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Hearing of the Subcommittee on Communications, Technology, and the Internet of the House Committee on Energy and Commerce - "Comcast and NBC Universal: Who Benefits?"


Location: Washington, DC

"Thank you, Chairman Boucher. Good morning, Chicago. And good morning, to each of our witnesses.

"On that day, should Comcast and NBC-Universal secure their last approval from federal and state regulators to combine their highly attractive, and lucrative, distribution and video programming assets, a very powerful and influential media and information colossus will be born. If that day comes, this combined entity will have the immediate power to determine what our nation watches, what we read, from where we get our news and, even, on which electronic and communications devices those images and data will appear.

"The $28 billion joint venture between Comcast and NBC-Universal would give Comcast, already the country's largest cable and home broadband company, total say and control over the day-to-day operations of the NBC network; the Telemundo network; NBC's two dozen national cable network channels----including MSNBC, Bravo and CNBC----and partial interests in the Weather Channel, A&E's History and Biography channels; NBC Network News, "The Today Show," "NBC Sunday Night Football," "Meet the Press," and distribution rights to a library of more than 55,000 TV episodes, not to mention the Universal Pictures movie studio and distribution companies.

"Many of the purported benefits of this proposed combination have been framed in terms of when and where subscribers will realize benefits. Some of the more widely touted subscriber benefits, put forward by the two parties, are that Comcast cable TV subscribers will be able to see movies more quickly after the first showings in theaters, or that because of this transaction, TV shows will appear faster on subscribers' cell phones, video-on-demand web sites and other digital media platforms and devices.

"These "whens' and "wheres' are absolutely important. However, I am equally concerned about what cable television, broadcast TV, news, public affairs, religious and community programs, sporting events and movie content that will not be made available to subscribers of Comcast's competitors, or to the competitors of Comcast's new affiliates.

"And, will the same content that is offered to Comcast broadband subscribers, also be made available to all broadband users, regardless of whom they subscribe to for broadband service?

"Despite the critical importance of program access and the equitable carriage of network affiliates on Comcast's cable systems, the most important issue of access, as far as I am concerned, is minority ownership.

"I am cognizant of the commitments that Comcast made publicly, last month, towards increasing diversity of ownership and diversity in programming. Specifically, Comcast's commitments to distribute six cable network channels (over the next three years) and to see that half of those channels are minority-owned or run represents an important and positive, initial step forward towards increased minority ownership.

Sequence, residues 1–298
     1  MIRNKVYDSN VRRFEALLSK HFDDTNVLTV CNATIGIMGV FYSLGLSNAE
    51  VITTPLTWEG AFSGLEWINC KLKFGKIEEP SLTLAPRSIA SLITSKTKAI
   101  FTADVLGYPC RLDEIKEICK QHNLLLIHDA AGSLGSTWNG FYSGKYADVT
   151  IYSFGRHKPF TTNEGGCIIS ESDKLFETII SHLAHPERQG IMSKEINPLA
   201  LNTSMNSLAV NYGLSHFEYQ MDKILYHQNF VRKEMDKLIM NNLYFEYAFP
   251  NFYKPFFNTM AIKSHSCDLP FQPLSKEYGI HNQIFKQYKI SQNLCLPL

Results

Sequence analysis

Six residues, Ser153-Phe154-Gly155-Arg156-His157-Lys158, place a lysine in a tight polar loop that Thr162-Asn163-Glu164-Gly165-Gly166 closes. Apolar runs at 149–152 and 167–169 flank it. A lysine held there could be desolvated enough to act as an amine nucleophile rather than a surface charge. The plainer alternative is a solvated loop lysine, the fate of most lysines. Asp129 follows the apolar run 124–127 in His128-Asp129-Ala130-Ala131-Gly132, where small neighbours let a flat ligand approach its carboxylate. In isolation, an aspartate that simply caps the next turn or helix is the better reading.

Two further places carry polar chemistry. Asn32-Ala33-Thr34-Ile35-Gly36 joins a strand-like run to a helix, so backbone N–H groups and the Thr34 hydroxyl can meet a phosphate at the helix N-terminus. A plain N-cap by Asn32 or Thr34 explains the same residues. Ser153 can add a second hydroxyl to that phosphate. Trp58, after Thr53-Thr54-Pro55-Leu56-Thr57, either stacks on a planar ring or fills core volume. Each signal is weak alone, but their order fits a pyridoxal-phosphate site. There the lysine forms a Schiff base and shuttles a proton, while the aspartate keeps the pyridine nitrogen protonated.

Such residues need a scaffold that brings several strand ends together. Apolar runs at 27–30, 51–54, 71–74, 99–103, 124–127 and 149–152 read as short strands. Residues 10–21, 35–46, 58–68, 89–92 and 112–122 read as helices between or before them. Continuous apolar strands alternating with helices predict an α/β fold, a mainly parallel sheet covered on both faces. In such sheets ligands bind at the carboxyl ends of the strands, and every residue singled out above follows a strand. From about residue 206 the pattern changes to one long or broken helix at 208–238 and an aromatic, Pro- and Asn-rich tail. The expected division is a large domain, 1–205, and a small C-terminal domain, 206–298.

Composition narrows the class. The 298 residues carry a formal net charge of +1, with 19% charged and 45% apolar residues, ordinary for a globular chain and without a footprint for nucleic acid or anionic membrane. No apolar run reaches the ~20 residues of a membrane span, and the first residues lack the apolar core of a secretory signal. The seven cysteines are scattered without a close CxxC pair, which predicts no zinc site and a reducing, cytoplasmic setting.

"But these commitments do not go far enough.

"Minority owners and investors must have better seats at the board room table, not just in the movie theaters wearing 3-D glasses or holding set-top box remote controls in their living rooms.

"If this merger is truly going to be in the public interest, Comcast and NBC-Universal will have to do more, for and with minorities than what they have offered to do to date. Simply put, the economic stakes are high and we, as legislators, would be negligent on behalf of all taxpayers and others whom we represent if we fail to shine a bright light of openness and full disclosure on how Comcast and NBC, on the one hand, secure regulatory support for their own corporate interests without ensuring that their interests are not the only ones served by this transaction.

"I look forward to hearing the testimony of the witnesses. I hope that our hearing will assist me, and others, in learning more about how minority owners of communications, media, and technology companies, minority holders of FCC licenses, minority investors, and non-minority investors willing to invest in minority-owned companies and start-ups can play a bigger role as owners in this mammoth transaction and in the economic opportunities that lie ahead.

"Indeed, more room must be made for these entrepreneurs, investors, and business professionals to provide Comcast's 24 million cable subscribers----about two million of whom are right here in the Chicago metropolitan area----and its 15 million high-speed Internet customers with high quality services, diverse perspectives and "know-how."

"Thank you, Mr. Chairman, for the time you've accorded to me today. With that, I yield back the balance of my time."

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